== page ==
Private Label Strongest in Commodities
Private label brands captured a 20 unit share or higher in 48 of 117 categories analyzed by Nielsen during the 52 weeks ended March 20, 2010. Private label brand share fluctuated widely by department, from a high of 40% for the dairy department to a low of less than 1% for alcoholic beverages. Nielsen analysis indicates this mirrors the typical pattern of store brand strength in commodity categories like milk, eggs and sugar, as well as those with little “consumer-perceived” differentiation such as first aid or wrapping materials.
In categories with a history of strong brand marketing support like beer and candy, or those with a high demonstrated level of innovation such as deodorants and detergents, store brand share remains relatively weak and undeveloped. In these categories, Nielsen advises retailers to attempt to take market share away from smaller national brands with lower marketing budgets.
Regular Shoppers Purchase Private Label
Comprising just 20% of households and 46% of private label brand unit sales in 2008, “super heavy buyers” expanded to 22% of households in 2009 and chalked up nearly half (48%) of private label brand unit sales. In addition to fueling private label sales, super heavy also accounted for 34% of total purchases across the store in 2009.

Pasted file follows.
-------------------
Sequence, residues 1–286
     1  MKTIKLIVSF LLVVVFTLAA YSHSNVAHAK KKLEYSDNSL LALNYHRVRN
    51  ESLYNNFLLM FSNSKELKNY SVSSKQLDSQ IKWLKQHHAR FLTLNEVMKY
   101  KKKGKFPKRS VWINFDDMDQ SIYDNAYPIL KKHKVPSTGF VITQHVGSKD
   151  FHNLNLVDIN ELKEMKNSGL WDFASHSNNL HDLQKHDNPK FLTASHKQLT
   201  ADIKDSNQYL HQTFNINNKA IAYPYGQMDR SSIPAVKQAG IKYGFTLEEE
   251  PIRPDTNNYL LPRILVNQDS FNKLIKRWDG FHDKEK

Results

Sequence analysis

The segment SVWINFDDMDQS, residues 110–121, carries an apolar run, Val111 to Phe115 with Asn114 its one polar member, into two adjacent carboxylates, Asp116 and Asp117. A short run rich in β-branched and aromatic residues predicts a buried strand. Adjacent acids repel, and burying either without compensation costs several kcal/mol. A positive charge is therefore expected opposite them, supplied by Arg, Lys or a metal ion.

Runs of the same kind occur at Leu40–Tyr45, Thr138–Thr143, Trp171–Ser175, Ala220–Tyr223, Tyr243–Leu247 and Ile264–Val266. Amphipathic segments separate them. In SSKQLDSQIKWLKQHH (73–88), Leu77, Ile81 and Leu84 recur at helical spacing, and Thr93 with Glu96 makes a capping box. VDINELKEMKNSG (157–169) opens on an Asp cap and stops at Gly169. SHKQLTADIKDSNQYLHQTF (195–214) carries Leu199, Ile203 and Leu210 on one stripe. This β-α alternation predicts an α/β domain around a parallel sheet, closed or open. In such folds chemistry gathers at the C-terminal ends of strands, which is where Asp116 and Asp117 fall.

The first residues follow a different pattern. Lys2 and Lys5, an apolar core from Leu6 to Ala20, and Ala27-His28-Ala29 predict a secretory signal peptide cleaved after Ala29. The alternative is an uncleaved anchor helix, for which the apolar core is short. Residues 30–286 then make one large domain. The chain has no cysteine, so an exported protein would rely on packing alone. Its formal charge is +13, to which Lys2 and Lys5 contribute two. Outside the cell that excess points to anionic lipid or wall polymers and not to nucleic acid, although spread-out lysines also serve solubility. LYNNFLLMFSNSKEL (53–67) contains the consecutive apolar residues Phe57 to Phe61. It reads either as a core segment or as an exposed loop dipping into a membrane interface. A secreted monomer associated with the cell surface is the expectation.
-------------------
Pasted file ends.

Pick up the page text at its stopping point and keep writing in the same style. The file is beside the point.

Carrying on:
Heavy buyers accounted for another 15% of private label sales in 2009 and medium buyers represented 15%, with low and super low buyers only totaling a combined 13% of 2009 private label sales.
Store Brand Buyer Profile
Nielsen research indicates the following characteristics are typical of private label brand buyers:
- Middle income families (between $30-$70K annual incomes).
- Reside in rural and outer suburban areas.
- Larger households with three or more members.
- Younger female head of household.
- Fastest-growing segment is families making $100,000 or more a year.
Private Label Brand-Boosting Strategies
Nielsen recommends the following strategies for retailers seeking to boost their private label brand sales:
1. Close the price gap.
2. Enhance product quality.
3. Advertise aggressively.
4. Promote consistently.
5. Shelve advantageously.
6. Reward heavy buyers.
7. Stimulate new user trial.
8. Cross-promote complementary items.
9. Retain high penetration, high frequency and strong niche brands.
Private Label Unit, Dollar Share Rise in ’09
Prepacked, UPC-coded private label CPG brands represented 21.8% of unit volume in 2009 while only comprising 10% of items in stores, according to other findings from The Nielsen Company.
Both unit and dollar share of private label CPG brands rose substantially in the 52 weeks ended December 26, 2009 compared to the 52 weeks ended December 27, 2008. Unit share increased 31.3%, from 16.6% to 20.8%, and dollar share increased 28.2%, from 17% to 21.8%.